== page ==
The two sides Wednesday agreed to continue to abide by a temporary restraining order until trial begins next month, iHeart said in a statement, adding that it is “pleased with the outcome and look[s] forward to an expedited trial.”
iHeartMedia brought the Texas lawsuit in March to put the brakes on claims by the lenders holding more than $3 billion in debt that an equity transfer violated the terms of their indentures and triggered a default.
The lender group includes a number of private-equity funds—including Benefit Street Partners LLC and Canyon Capital Advisors LLC---as well as investment firm giant Franklin Resources Inc.
Negotiations between the parties have been ongoing since December when the lenders first wrote to iHM about the transaction, according to a letter viewed by The Wall Street Journal.
At issue in the Texas litigation is whether the transfer of shares that the lenders say are worth $1.241 billion is permitted under the terms of the loan agreements.
A ruling in favor of the lenders would permit the group to proceed with the events of default, which would trigger cross defaults on billions of dollars worth of iHeart’s debt.
The Texas lawsuit comes as iHeartMedia begins to grapple with ways to address its massive debt load that totals $20.6 billion, including $8.3 billion maturing in 2019. The debt load largely stems from a 2006 leveraged buyout led by Bain Capital Partners LLC and Thomas H. Lee Partners LP.
In its statement Wednesday, iHM said that “the strong performance of our operating business provides us with the flexibility to manage our capital structure in a prudent manner, and we will continue to evaluate opportunities to strengthen our balance sheet.”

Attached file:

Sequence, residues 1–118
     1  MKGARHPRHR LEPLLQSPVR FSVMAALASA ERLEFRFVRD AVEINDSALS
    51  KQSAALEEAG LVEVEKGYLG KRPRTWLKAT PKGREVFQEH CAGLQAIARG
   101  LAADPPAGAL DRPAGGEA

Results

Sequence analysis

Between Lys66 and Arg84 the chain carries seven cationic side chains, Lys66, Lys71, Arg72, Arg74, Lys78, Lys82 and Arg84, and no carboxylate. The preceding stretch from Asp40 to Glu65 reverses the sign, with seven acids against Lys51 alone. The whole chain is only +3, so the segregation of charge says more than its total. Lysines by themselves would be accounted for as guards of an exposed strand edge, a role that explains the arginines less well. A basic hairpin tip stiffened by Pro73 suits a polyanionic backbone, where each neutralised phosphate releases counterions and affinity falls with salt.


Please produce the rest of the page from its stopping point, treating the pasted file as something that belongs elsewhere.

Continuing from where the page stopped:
Meanwhile iHM citing erroneous news reports regarding bankruptcy concerns, CEO Bob Pittman and CFO Rich Bressler jointly issued a company memo to clarify the situation for its staff.
You’ve probably read or heard about some incorrect stories regarding our company and what a recent hearing in San Antonio means. There have even been some headlines that claim the outcome of this hearing could result in iHeartMedia’s bankruptcy—but that is not at all what this hearing is about.
Here are the facts. This hearing is the result of the lawsuit we filed against a small group of lenders who disagreed with us on a question related to our overall strategy of making long-term positive changes to our capital structure. We filed the case to ask the court to confirm our right to move Clear Channel Outdoor shares from one of our subsidiaries to another—the judge is not deciding the question of whether we have to pay the debt, she is deciding if the share contribution is permitted. We would like to move these shares because it provides us greater flexibility to manage our capital structure. But the judge’s ruling—either way—will not result in the company filing for bankruptcy, as some press reports suggested.
None of this will disrupt our operating business. In fact, the strong performance of our operating business, which is a reflection of all the great work you do every day, is what provides us with the flexibility to manage our capital structure in a prudent way—and therefore we are able to continue to evaluate opportunities to strengthen our balance sheet.
We hope this clarifies the situation for you, and we’re sorry you’ve had to be subjected to such misinformation in the press.